The number of Canadian businesses accepting virtual currencies as a form of payment is growing. Bitcoin is emerging as the most popular of these new currencies – none of which are subject to a central authority. Governments, including Canada’s federal government, are starting to take note, expressing opinions on the applicability of domestic laws and proposing new regulations. It is still early days for virtual currencies, however, and uncertainty remains. Before your business decides to accept Bitcoin as a form of payment, consider the practical and legal risks outlined below.
Complying with Anti-Money Laundering and Anti-Terrorist Financing Regulations
Compliance with the Proceeds of Crime (Money Laundering) and Terrorist Financing Act is a central concern for many businesses considering accepting Bitcoin as a form of payment, especially businesses that deal with large sums of money.
For the moment, the Financial Transactions and Reports Analysis Centre of Canada (FINTRAC) does not permit virtual currency brokers to register as money services businesses, having decided that virtual currency brokers are not money services businesses under the Proceeds of Crime (Money Laundering) and Terrorist Financing Act. As a result of this position, it is uncertain how or if the reporting requirements FINTRAC imposes for traditional forms of currency will apply to Bitcoin. This is especially salient given the high profile illicit activity that has been associated with Bitcoin, in addition to the growing use of Bitcoin for large transactions (for example, in Vancouver, one real estate developer has begun to accept Bitcoin for deposits). For now, some businesses are regulating themselves, with at least one Canadian Bitcoin broker attempting to distance itself from illegal activity by processing only small transactions.
But things are changing. In the 2014 Budget of the Government of Canada, released on February 11, 2014 the significant financial sector policy initiatives announced include measures directed at Bitcoin. The Budget states that “it is important to continually improve Canada’s regime to address emerging risks, including virtual currencies, such as Bitcoin, that threaten Canada’s international leadership in the fight against money laundering and terrorist financing.” Further, the federal government committed to introduce legislative amendments to strengthen Canada’s anti-money laundering and anti-terrorist financing regime, with a goal of improving “Canada’s compliance with international standards, while minimizing the compliance burden”. Among other things, such regulations could allow the federal government to track any virtual currency transfers worth $10,000 or more, as it already does with traditional forms of currency.
Turning Bitcoin into Cash
One of the most frequently cited risks associated with accepting Bitcoin as a form of payment is its volatility; see, for example, its dramatic tumble in December 2013 and its most recent dip after Tokyo-based Bitcoin exchange Mt. Gox froze customer withdrawals on February 7, 2014. One solution is to use a virtual currency broker that offers guaranteed conversion rates – an attractive solution, as such rates are often available for a fee well below those associated with credit card transactions.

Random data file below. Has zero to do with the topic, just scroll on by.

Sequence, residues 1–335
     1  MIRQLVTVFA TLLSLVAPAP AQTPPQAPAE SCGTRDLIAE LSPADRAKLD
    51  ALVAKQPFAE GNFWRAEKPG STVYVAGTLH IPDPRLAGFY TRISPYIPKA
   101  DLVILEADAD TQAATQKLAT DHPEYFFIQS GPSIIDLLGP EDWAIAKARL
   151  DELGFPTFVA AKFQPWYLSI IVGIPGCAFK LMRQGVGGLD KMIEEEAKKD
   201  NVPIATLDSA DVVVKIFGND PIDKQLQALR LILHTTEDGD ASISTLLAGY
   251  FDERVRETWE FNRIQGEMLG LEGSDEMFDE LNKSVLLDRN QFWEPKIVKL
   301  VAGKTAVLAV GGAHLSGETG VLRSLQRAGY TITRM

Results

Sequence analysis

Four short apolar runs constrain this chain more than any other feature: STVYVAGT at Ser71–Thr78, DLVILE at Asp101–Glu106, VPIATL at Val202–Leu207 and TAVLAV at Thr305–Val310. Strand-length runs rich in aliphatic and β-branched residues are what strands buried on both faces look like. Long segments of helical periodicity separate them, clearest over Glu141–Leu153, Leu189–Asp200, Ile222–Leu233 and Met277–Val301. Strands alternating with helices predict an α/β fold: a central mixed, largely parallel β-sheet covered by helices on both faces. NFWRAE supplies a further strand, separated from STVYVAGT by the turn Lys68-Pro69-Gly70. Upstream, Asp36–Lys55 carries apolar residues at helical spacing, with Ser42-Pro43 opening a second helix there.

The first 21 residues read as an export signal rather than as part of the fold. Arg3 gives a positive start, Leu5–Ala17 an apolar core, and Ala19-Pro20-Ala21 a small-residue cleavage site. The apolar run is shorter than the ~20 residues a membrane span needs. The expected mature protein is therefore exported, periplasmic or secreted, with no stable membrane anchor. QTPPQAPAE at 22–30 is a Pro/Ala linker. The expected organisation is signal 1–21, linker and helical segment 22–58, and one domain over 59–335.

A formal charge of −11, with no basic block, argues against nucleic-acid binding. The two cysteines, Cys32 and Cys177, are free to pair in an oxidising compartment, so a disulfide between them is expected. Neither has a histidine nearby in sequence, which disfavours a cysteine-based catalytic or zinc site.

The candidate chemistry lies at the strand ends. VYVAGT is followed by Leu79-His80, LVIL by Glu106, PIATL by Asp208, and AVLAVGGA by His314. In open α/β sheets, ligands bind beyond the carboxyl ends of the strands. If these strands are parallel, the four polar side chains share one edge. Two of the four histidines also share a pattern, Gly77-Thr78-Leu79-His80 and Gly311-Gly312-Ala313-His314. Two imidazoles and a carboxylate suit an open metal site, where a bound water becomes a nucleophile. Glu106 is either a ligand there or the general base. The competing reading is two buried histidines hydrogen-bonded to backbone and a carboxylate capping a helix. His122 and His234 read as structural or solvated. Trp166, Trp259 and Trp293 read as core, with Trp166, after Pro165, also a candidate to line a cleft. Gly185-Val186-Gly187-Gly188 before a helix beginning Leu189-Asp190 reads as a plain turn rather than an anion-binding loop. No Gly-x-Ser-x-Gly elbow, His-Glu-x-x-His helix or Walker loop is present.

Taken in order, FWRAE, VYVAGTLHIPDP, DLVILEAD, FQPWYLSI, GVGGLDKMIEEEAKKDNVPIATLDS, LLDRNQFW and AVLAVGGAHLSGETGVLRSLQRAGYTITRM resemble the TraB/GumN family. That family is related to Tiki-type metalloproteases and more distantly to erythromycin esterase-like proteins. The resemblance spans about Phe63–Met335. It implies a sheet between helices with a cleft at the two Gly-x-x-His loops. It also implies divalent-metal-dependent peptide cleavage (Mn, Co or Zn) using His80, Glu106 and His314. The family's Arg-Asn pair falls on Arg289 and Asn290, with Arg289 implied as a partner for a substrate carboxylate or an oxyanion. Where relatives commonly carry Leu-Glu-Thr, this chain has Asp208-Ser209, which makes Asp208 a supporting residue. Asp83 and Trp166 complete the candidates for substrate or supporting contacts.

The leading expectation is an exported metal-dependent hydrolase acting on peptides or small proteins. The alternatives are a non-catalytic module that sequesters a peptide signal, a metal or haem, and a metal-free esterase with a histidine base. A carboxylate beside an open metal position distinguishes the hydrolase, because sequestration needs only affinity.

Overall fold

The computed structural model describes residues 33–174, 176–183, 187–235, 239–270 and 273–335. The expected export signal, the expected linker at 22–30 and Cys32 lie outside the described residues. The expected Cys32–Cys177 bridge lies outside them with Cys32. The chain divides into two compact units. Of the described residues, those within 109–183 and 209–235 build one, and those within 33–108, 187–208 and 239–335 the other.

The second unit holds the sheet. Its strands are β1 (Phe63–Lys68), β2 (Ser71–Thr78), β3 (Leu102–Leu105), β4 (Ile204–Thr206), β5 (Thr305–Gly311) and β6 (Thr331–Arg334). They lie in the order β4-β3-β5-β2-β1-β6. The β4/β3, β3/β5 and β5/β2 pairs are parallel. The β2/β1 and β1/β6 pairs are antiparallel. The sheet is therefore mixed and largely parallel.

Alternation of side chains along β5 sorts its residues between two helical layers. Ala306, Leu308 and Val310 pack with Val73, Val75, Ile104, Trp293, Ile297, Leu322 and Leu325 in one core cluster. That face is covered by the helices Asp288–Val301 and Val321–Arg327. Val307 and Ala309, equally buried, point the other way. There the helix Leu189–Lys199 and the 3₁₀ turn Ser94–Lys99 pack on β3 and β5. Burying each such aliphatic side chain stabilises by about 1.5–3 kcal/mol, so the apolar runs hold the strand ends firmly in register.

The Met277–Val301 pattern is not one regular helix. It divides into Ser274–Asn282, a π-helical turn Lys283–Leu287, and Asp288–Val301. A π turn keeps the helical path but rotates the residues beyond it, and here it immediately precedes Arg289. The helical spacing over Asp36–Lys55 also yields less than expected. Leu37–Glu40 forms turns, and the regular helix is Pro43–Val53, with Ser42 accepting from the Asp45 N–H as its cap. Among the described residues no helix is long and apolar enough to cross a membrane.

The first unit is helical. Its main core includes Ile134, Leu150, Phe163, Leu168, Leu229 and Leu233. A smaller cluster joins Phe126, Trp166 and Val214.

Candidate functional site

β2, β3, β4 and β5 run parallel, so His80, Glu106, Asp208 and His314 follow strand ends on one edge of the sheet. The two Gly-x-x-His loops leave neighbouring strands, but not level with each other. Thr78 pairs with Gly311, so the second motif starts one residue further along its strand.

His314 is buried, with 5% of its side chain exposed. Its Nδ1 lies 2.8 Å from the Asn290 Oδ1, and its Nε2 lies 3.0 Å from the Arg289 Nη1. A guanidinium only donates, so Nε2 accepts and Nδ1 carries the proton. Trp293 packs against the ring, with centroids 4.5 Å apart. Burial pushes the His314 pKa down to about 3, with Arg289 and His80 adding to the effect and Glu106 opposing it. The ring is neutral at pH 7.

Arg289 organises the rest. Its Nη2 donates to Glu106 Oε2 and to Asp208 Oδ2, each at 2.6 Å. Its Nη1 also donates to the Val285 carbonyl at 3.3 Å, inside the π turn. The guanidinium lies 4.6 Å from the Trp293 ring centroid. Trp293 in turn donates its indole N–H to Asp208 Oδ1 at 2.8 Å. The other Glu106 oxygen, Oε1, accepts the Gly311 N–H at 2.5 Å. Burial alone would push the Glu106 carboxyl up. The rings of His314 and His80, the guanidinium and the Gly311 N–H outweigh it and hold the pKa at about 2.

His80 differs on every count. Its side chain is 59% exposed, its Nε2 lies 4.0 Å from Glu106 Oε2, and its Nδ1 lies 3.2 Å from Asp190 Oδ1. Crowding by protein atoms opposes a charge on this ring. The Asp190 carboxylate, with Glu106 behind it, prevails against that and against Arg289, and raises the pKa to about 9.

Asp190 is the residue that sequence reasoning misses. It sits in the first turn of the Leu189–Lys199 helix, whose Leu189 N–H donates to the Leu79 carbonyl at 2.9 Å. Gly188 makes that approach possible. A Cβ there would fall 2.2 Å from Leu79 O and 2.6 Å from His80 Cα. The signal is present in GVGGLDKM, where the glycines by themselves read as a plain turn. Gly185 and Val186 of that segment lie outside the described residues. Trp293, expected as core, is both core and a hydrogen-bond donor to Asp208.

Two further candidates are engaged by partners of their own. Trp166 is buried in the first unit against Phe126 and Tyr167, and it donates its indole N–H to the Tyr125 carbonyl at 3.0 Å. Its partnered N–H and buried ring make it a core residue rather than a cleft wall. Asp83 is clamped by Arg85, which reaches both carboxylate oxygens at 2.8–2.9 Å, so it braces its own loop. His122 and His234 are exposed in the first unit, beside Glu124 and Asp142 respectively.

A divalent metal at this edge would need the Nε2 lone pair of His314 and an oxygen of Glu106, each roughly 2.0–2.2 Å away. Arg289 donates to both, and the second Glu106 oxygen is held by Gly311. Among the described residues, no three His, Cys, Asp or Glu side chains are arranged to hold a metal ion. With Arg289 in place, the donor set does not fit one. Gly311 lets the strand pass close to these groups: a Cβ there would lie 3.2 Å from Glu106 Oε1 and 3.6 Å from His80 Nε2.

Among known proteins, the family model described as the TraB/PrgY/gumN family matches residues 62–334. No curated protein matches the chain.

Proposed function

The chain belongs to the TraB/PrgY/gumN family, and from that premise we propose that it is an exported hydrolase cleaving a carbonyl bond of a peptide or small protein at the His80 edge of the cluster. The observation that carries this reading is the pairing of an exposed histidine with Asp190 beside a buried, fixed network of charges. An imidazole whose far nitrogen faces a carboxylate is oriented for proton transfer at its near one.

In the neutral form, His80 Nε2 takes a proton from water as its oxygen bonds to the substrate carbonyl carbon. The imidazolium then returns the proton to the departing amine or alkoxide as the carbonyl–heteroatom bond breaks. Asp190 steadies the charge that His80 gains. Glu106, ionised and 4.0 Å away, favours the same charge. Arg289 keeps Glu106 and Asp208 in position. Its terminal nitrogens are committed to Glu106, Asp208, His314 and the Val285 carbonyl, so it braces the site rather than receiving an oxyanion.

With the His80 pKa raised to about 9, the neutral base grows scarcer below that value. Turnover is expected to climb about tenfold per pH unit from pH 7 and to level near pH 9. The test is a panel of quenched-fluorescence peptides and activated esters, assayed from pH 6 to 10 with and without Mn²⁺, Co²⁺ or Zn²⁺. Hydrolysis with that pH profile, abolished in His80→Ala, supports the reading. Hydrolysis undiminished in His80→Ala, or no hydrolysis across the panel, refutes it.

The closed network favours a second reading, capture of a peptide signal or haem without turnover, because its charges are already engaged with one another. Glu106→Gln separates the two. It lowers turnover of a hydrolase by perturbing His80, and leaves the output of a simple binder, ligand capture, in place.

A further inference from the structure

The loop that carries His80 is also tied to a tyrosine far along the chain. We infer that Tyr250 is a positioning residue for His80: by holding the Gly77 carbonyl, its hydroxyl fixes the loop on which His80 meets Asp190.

Reliance on a Bitcoin broker, however, can pose its own problems. In 2013, a number of Bitcoin brokers reported that their Canadian bank accounts had been shut down, with little to no explanation from the banks. This is likely a reflection of the legal uncertainty surrounding Bitcoin; it is possible that as the Canadian government’s position on Bitcoin is clarified, Canadian banks will increasingly accommodate Bitcoin businesses.
In December 2013, the Canada Revenue Agency clarified that GST is collectible on Bitcoin sales. And, earlier in 2013, the Canada Revenue Agency clarified that the exchange of Bitcoins for goods and services should be reported as any other barter transaction. Since the Department of Finance has recently stated that Bitcoin is not recognized as legal tender in Canada, it is to be treated as any other commodity. When Bitcoin is used to purchase goods or services, the value of the thing received is considered to equal the value of the thing given up in exchange. These values must be translated into Canadian dollars and used to determine the Canadian tax liability of the parties. Furthermore, as a commodity, a Bitcoin investment can give rise to a capital gain or loss.
Even if your business decides to accept Bitcoin, will there be enough customers using it? Consumer confidence in Bitcoin fluctuates as much as its value, as Bitcoin has been vulnerable to hacking, fraud and theft. Because Bitcoin is not backed by a central authority, consumers bear the risk of its use: while traditional payment systems offer protections against fraudulent transactions, Bitcoin offers no such recourse. The lack of regulation around Bitcoin not only contributes to legal risks for businesses, but also contributes to a lack of consumer protection.
Despite the risks described above, Bitcoin’s large user base, low processing fees and the impressive ease with which it can be transferred from one person to another are significant benefits of the virtual currency, and these benefits will contribute to its continuing relevancy. It will be interesting to watch the twists and turns of regulatory regimes as governments around the world struggle to come to grips with this emerging area.